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Child died at Bonn university hospital: Covid patient (3) presented with lung and heart failure

Child died at Bonn university hospital : Covid patient (3) presented with lung and heart failure

The University Hospital of Bonn has published more detailed information on the case of the infant suffering from Covid-19, who died in April at the hospital. According to the report, the three-year-old presented with lung and heart failure.

The three-year-old girl, who died in April at the University Hospital in Bonn after a sars-CoV-2 infection, was chronically ill according to the clinic and was treated with immunodeficiency drugs. "After she was admitted to a clinic in NRW she was transferred to the University Hospital in Bonn because of a seizure and needed resuscitation during the treatment there," said the University Hospital in Bonn.

In the case of severe lung and heart failure, the child was transferred to Bonn to be treated in the specialised children's ECMO centre. Patients who cannot be cared for by small hospitals or other wards are still given a chance here. The girl was to be ventilated through an artificial lung, with the so-called extracorporeal membrane oxygenation (ECMO). However, when it turned out that the brain was irreversibly damaged, the doctors decided to abandon ECMO therapy, "so the child died of multiorgan failure after further deterioration," explains the University Hospital.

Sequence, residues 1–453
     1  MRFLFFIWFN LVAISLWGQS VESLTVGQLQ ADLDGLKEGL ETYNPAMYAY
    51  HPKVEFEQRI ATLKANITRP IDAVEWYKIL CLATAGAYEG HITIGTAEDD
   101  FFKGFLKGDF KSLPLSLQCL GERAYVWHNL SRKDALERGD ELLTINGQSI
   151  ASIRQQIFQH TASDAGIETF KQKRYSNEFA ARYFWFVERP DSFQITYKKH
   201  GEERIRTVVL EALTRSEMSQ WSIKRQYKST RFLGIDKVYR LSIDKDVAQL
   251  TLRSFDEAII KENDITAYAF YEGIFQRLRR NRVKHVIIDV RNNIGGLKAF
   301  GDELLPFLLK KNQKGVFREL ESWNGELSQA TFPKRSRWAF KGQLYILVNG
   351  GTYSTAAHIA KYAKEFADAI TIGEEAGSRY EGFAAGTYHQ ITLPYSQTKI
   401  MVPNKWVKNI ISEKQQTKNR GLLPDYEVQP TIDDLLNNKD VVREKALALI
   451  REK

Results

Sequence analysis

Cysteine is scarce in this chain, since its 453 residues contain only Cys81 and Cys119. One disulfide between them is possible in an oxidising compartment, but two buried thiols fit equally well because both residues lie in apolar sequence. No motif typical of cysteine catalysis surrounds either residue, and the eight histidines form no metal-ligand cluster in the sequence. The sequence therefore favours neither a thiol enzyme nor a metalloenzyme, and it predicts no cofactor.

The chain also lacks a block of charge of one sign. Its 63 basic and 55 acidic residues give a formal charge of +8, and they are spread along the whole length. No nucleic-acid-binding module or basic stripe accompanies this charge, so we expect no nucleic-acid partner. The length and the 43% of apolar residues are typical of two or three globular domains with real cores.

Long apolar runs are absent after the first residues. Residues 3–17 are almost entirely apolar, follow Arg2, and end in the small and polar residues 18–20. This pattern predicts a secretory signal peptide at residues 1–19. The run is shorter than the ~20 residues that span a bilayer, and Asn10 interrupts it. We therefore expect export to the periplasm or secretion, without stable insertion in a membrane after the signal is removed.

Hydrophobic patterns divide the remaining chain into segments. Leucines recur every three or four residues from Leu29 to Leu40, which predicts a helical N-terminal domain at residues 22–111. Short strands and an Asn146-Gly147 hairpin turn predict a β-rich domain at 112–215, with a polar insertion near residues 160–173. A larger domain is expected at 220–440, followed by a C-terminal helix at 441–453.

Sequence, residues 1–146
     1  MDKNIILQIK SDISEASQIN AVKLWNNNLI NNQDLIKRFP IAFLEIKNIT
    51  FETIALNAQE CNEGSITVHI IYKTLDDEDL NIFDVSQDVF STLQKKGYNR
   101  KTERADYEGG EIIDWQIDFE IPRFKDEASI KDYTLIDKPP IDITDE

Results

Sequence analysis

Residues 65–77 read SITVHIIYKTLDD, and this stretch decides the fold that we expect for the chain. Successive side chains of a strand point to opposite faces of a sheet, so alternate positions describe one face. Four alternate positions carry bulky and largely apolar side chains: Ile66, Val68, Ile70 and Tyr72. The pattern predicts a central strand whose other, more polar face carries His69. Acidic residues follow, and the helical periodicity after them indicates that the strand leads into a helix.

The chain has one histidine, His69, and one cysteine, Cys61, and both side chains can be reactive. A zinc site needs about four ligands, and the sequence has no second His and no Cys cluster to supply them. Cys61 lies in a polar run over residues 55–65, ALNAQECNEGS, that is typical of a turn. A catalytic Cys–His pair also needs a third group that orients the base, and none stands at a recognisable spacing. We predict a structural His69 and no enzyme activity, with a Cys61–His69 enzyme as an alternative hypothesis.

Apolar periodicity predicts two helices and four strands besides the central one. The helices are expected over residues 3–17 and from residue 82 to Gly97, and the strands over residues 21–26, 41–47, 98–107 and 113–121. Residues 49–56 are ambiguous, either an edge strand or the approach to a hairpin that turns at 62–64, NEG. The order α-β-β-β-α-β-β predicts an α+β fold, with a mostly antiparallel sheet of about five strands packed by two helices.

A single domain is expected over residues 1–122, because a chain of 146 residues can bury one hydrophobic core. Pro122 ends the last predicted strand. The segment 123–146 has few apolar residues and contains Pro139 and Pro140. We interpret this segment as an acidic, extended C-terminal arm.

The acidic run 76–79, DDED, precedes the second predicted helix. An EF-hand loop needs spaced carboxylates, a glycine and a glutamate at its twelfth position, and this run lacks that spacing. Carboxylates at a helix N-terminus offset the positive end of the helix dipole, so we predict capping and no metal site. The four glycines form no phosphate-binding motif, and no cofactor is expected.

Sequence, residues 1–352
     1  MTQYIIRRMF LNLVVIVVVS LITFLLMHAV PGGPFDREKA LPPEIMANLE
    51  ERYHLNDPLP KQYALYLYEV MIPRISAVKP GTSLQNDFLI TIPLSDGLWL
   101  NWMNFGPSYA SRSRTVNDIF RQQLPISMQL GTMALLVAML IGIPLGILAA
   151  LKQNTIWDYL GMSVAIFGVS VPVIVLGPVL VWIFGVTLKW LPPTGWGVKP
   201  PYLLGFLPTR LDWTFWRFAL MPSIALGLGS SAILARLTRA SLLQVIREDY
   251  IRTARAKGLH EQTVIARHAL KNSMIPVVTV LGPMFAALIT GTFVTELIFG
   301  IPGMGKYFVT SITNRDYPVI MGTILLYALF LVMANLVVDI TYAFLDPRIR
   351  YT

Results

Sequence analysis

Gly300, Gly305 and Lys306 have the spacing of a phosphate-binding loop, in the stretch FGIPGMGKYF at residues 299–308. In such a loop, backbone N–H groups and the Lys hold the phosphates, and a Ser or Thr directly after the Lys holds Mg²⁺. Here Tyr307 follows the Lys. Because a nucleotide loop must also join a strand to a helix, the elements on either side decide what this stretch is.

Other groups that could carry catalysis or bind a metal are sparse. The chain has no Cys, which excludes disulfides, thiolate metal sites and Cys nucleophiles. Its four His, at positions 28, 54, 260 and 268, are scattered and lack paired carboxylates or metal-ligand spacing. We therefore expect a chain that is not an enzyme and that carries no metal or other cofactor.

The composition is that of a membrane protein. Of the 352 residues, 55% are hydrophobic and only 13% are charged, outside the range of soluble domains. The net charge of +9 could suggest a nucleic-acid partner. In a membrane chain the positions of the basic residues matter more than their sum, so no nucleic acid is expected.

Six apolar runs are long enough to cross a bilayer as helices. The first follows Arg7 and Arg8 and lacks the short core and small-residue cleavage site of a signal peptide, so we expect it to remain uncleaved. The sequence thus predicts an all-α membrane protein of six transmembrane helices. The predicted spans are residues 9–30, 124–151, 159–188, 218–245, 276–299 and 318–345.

Whether the three-year-old died from lung failure caused by the novel corona virus or from the complications of epileptic seizures remains a matter of speculation. "Also, the criteria of a multi-system inflammatory syndrome of childhood, caused by SARS-CoV-2, are not met."

But the case is not closed to the medical community. Currently, paediatricians and geneticists at the University Hospital are working on its treatment. They found genetic variants that suggest a congenital immune defect, which could have led to the severe course of the disease. "This is an exceptional individual case and course of the disease, which we suspect has a rare genetic cause," says Wolfgang Holzgreve, head of the clinic. The scientific findings might help us to better understand the interaction of the virus with the immune system.

The virologist Hendrik Streeck is also involved in the investigations. The research itself could take months; the entire genome of the child and parents will be sequenced. In addition, homozygous variants in two genes have been identified, i.e. "pure" variants. This means that both parents have passed on genetic information. "Both genes have a function in the immune system," said Holzgreve. The scientific report was submitted for publication in a scientific journal.

The fact that the death of the child was not published was due to consideration for the relatives. However, the doctors had reported the incident to the Covid 19 Survey of the German Society for Pediatric Infectiology.

(Original text: Nicolas Ottersbach, Translation: Mareike Graepel)